I’ve put the dual citizenship essay on hold for a week, partly because yet another person has decided that he might be at risk. He is only the President of the Senate, but there you are. There may be more, and the issue is getting more important by the day, because of the manner in which the High Court chose to decide the question. Instead I have my eye on a report presented to the relevant Minister in the ACT about the State of the Environment (in the ACT) in 2015. The Commissioner is Professor Kate Auty, and she formerly…

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The sad, sad story of the NBN

By | Economy, History, Media, Politics, Society | 38 Comments

The High Court’s decision on the citizenship woes of several members of our federal parliament came out too late for this week, so I’ll have time to work through the Court’s reasoning. In any case, I had spent some time looking at the NBN, a burden to us all, whether we are connected to it or not. The National Broadband Network (NBN) has reappeared to the public gaze in the past ten days, as stories of an astonishing level of complaints about the service have been aired in televised news and in Parliament. These stories have at once produced a…

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NEG: the energy policy you have when you aren’t having an energy policy

By | Climate Change, Economy, Environment, History, Politics, Society | 46 Comments

Getting real details about the New Energy Guarantee is really difficult, because so much of the hard work on details has not yet been done. But apparently the media thinks it ticks all the right boxes. The carbon tax has gone, the emissions trading scheme is dead, as is the emissions intensity scheme. According to the economics editor of The Age, Peter Martin, the NEG will do more or less what each of the other schemes would have done. It will make the electricity system cleaner (in accordance with the Abbott government’s commitments under the Paris climate agreement) while giving…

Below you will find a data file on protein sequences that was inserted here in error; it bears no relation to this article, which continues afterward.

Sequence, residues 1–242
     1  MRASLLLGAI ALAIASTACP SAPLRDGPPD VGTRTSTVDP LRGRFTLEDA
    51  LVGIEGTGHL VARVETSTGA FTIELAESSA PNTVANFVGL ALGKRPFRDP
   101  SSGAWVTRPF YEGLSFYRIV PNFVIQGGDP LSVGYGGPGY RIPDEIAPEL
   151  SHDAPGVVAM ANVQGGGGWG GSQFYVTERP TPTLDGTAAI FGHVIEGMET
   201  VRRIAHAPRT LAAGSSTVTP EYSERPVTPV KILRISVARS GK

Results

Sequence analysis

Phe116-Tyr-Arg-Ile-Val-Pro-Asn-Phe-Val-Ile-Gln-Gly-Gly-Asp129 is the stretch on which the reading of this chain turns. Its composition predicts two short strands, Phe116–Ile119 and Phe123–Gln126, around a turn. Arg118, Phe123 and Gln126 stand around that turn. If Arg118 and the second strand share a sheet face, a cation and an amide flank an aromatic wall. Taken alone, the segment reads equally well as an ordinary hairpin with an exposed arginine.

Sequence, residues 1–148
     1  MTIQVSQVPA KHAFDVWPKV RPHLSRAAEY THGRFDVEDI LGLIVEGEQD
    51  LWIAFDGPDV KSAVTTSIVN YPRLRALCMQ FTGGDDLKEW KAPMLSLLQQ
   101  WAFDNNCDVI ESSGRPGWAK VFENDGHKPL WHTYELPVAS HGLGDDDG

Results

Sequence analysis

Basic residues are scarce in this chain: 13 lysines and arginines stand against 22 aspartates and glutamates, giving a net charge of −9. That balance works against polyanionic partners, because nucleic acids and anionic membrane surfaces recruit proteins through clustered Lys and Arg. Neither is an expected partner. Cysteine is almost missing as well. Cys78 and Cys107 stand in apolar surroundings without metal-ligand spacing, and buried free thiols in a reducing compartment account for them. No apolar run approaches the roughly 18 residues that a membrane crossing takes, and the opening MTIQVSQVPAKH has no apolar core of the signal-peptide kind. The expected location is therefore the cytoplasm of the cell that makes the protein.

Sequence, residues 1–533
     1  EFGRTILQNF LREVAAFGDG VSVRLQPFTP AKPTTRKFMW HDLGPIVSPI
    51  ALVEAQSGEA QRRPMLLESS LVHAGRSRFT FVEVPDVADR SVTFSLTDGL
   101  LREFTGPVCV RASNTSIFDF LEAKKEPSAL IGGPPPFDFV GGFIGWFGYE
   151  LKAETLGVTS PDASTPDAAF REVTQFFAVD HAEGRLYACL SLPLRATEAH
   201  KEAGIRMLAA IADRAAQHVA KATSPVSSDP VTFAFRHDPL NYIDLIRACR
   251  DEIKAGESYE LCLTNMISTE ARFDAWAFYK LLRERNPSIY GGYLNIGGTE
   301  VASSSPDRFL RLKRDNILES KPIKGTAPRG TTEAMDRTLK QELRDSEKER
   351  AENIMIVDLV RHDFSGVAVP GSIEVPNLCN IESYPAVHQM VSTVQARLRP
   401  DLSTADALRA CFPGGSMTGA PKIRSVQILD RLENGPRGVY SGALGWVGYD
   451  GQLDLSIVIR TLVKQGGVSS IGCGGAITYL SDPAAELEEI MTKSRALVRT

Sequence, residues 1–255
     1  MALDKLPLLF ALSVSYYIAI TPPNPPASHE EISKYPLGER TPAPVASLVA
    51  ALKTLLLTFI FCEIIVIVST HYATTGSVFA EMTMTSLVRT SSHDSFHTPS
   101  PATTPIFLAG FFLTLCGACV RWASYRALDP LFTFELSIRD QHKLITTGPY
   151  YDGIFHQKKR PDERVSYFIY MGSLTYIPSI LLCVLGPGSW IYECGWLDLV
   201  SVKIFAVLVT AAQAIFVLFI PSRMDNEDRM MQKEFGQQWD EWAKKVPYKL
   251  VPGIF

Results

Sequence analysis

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Optimism or Pessimism?

By | Climate Change, Economy, Education, Environment, Health, History, Politics, Society | 140 Comments

This is a shortened version of an address I gave to the Boobooks club in Melbourne earlier this week. The Boobooks is a dining club, the oldest in Australia, founded in 1902 by some young men who later became Sirs, in Fred Eggleston and John Latham. It was an honour to have been asked to speak. The title was ‘Should we be optimistic or pessimistic about the future?’, and in it I revisited ideas that have been rehearsed on this website before. I am not sure whether optimism and pessimism are part of our make-up or the result of upbringing…